04/15/2014:A KC-130J Hercules property of Marine Aerial Refueler Transport Squadron (VMGR) 252, refuels an MV-22 Osprey assigned to Marine Medium Tiltrotor Squadron (VMM) 264 and 266 off the coast of N.C., April 14, 2014.
VMGR-252 conducted aerial refueling training with VMM-264 and 266.
Credit:2nd Marine Aircraft Wing Combat Camera :4/14/14
In an earlier interview with the CO of the Sumos discussed the challenge of refueling different assets from the KC-130J:
SLD: What are the differences in refueling jets, helos and tiltrotor aircraft for the KC-130Js?
Lt. Col. Julian: Each operates at a different altitude and flight speed.
For example, the CH-53s are refueled typically at a flight speed of 105 and 115 knots and at altitudes ranging from 1000-5000 feet. The Ospreys are refueled at between 200 and 210 knots and at altitudes ranging from 5000 to 18,000 feet. And jets operate much higher at 25,000 feet and between 220 and 250 knots and it is easier to do so over the water because we can often fly over the weather with them.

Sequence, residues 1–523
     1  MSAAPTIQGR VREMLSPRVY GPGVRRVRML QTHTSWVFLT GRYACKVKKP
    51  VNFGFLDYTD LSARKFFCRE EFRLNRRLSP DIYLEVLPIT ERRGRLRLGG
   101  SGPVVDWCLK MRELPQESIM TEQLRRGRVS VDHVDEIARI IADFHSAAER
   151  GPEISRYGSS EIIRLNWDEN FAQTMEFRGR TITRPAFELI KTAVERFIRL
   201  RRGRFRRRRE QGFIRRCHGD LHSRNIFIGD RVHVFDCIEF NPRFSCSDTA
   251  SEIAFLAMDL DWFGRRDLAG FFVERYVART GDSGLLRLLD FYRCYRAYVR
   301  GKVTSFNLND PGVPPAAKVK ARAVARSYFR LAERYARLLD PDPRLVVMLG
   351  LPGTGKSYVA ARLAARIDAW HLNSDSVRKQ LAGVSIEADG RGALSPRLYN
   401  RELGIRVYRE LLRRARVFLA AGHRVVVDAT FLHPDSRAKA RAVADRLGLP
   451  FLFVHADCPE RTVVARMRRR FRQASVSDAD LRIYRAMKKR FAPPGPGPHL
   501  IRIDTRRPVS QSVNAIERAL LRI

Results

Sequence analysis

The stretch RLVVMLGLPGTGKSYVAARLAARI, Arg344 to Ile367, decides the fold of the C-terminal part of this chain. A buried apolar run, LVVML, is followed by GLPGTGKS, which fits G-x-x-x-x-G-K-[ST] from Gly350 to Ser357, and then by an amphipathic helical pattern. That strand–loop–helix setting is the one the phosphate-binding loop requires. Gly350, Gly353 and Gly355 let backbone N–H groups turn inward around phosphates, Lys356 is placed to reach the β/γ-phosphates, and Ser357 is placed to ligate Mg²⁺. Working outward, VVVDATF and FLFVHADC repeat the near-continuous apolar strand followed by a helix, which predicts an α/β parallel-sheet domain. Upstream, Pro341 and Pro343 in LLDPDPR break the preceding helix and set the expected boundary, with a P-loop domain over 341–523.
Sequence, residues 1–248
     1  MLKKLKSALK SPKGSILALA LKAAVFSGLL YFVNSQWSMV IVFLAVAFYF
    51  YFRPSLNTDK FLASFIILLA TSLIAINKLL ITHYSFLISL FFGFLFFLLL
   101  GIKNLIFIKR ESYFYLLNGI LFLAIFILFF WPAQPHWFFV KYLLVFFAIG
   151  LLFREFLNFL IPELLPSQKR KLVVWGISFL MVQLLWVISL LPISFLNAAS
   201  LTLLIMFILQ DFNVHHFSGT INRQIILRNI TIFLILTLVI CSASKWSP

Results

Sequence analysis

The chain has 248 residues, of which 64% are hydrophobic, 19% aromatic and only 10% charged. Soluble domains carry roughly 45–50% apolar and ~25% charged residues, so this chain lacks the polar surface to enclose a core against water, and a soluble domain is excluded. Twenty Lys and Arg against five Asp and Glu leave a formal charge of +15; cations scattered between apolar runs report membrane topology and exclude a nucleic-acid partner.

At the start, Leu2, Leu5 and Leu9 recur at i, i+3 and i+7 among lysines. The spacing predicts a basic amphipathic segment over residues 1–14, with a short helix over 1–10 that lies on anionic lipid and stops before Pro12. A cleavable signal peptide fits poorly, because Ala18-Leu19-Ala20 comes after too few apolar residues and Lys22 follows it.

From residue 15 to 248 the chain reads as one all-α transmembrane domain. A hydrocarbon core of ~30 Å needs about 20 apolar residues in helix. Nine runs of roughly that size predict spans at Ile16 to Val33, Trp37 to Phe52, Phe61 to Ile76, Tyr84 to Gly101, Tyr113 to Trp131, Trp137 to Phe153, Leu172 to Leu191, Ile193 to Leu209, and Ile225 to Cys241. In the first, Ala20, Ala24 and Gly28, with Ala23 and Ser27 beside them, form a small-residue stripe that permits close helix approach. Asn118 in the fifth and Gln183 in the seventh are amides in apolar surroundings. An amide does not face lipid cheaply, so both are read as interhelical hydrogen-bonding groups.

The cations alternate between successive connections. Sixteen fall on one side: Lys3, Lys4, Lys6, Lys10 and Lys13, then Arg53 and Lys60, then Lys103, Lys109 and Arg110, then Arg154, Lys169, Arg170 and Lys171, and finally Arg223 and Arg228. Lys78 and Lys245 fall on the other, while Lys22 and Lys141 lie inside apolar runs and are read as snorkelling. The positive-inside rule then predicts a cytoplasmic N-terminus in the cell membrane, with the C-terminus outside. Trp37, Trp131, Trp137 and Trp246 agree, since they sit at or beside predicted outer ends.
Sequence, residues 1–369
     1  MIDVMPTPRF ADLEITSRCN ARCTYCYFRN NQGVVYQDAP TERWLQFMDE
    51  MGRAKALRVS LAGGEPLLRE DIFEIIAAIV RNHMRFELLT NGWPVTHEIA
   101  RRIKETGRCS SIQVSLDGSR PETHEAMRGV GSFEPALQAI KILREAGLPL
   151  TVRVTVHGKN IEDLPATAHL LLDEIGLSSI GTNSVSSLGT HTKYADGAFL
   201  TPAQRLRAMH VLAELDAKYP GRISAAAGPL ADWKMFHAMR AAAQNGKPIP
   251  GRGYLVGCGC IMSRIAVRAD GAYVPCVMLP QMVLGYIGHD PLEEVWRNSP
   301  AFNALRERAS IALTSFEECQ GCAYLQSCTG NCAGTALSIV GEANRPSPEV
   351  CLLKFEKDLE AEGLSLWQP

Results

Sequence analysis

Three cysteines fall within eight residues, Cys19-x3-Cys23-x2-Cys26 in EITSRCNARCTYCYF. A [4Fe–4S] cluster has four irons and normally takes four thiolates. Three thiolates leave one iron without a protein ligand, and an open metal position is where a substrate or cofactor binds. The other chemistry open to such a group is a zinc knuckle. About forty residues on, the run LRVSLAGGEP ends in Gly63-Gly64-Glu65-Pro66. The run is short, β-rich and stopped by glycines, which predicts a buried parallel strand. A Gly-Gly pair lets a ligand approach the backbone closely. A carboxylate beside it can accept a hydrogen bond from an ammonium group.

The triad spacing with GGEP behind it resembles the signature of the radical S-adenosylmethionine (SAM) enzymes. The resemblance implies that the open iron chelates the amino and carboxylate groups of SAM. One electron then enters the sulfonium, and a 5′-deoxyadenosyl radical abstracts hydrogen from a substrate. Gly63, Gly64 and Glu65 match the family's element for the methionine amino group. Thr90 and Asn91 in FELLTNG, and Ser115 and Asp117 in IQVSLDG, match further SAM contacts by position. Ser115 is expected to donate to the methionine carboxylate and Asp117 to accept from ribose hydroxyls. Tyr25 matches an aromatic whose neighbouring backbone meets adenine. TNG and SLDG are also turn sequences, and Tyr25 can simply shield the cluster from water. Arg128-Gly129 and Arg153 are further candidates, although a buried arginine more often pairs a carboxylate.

And when weather gets bad, icing is a problem. The Osprey squadrons out here have worked hard on dealing with icing issues and have developed proficiencies in reducing the impact of icing problems.
The pairing between the KC-130Js and the Ospreys has brought an ability to shape organic modularity for long-range insertion of force in the region. We want to be able to provide for long-range vertical insertion throughout the region and to be able to deploy widely throughout the region as necessary. It is part of the operational dynamic and part of deterrence as well.
I would add that since the arrival of the Ospreys, about 2/3rds of our tanking requirement is to support the long-range assault support capability, which the Osprey provides.